When the immune system decides to label a certain otherwise-harmless substance as an allergen, the B cells may go to work to “attack” it by producing something called IgE. IgE is an antibody that will bind to allergy cells to get them ready to react, and then help activate those allergy cells when the allergen is sufficiently present to bind to its IgE on those allergy cells – which causes an allergic reaction. Furthermore, these decision-making B cells also may create plasma cells that can “squat” in the body for years and just continue to mass-produce the specific IgE that can help activate allergic reactions. Additionally, the B cells can create memory B cells that can remember the earlier decision made about the substance previously encountered (that it is an allergen to be “attacked” with IgE), such that if the substance is encountered again, the “attack” response can be ramped up more quickly. These memory B cells can last years to decades. All of these layers and priming of pathways contribute to the intricate infrastructure the immune system creates over time to robustly react to allergens.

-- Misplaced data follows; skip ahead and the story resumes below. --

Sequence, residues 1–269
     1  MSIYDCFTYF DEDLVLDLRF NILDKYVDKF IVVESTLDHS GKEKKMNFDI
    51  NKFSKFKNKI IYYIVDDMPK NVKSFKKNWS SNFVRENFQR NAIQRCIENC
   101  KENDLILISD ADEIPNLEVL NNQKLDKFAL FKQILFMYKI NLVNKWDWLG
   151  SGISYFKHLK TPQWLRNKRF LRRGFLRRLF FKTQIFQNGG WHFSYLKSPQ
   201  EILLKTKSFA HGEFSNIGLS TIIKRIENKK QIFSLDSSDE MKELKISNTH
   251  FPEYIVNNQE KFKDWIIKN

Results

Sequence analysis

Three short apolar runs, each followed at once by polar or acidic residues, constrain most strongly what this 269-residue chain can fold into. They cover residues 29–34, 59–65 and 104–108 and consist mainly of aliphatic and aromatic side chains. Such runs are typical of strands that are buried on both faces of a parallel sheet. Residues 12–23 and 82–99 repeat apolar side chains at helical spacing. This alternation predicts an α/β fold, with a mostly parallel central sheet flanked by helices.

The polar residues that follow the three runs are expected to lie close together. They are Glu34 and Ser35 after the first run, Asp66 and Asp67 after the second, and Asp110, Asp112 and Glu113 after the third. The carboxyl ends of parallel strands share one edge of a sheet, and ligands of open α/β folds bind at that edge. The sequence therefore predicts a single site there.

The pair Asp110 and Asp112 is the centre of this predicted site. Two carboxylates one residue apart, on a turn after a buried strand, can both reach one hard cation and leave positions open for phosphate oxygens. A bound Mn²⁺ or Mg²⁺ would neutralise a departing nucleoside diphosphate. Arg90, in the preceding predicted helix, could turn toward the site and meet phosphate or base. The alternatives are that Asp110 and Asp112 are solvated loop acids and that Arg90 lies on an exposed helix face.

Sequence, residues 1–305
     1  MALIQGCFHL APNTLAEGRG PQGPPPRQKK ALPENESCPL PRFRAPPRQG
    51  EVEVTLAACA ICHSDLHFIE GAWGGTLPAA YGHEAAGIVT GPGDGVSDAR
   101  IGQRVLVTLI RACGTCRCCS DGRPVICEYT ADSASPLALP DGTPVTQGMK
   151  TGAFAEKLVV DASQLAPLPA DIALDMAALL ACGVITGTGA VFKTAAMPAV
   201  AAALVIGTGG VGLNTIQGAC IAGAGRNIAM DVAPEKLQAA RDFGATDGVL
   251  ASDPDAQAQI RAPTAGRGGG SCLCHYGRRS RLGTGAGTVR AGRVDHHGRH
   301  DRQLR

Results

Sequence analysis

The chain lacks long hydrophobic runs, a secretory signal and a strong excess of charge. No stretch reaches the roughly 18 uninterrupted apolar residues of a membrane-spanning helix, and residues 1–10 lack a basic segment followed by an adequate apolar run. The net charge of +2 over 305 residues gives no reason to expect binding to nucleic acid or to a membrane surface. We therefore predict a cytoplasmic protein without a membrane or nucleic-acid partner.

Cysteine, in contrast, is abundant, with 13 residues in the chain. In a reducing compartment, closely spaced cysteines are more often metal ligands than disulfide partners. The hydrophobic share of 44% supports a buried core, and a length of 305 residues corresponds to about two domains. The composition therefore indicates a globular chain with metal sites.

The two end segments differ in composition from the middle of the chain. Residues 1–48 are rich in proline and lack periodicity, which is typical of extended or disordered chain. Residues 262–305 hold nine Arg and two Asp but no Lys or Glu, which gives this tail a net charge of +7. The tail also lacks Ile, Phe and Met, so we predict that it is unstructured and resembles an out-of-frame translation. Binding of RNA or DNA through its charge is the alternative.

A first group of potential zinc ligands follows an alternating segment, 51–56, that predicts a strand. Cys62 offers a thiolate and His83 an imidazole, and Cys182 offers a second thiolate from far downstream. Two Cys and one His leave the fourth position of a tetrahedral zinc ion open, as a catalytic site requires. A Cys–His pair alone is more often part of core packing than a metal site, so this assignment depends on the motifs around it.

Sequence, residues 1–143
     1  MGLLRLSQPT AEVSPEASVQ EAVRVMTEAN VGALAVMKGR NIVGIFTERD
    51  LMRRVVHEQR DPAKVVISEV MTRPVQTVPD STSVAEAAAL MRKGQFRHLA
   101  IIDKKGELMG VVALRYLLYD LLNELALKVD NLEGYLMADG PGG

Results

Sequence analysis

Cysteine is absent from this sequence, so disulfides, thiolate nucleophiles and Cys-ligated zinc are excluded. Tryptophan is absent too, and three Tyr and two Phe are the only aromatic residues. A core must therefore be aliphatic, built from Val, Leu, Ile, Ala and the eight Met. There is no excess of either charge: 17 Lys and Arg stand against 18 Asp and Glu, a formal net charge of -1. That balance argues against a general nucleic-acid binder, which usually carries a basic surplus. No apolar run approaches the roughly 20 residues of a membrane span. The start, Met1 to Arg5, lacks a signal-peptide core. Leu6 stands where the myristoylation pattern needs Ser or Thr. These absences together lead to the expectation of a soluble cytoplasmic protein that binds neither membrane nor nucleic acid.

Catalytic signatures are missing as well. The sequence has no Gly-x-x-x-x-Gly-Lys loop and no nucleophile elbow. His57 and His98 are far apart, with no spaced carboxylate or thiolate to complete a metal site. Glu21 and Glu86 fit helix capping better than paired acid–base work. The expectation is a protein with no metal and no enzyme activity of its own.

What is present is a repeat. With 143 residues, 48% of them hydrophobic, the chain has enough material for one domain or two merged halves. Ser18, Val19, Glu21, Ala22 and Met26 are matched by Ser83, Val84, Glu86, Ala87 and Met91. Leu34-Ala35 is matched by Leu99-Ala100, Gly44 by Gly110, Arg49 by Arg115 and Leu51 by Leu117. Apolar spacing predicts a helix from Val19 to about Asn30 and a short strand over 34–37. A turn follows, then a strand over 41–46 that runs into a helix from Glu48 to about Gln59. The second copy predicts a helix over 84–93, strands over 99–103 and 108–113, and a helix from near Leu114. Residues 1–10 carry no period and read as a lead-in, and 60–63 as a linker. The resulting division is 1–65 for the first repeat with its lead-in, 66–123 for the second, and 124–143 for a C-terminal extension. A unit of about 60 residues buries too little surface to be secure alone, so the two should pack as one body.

Here are the mechanisms we know of that are at play with Sublingual Immunotherapy (SLIT)
Sublingual immunotherapy uses special “messenger” immune cells in the mouth called oral Langerhans cells to capture the allergens in your treatment drops and provide tolerance-promoting signals to the “decision-making” part (T and B cells) of your immune system. These oral Langerhans cells are uniquely primed to suggest tolerance of substances they encounter, rather than an attack, presumably because they are the initial immune-system contact for our body’s vital nourishment substances – food and water. If these oral Langerhans cells were primed to promote attack signals instead, we would not be able to survive. Therefore, the sublingual (under the tongue) method of immunotherapy harnesses the natural purpose of this very special type of tolerance-promoting cell in order to attempt to train or retrain your entire immune system regarding harmless substances (allergens).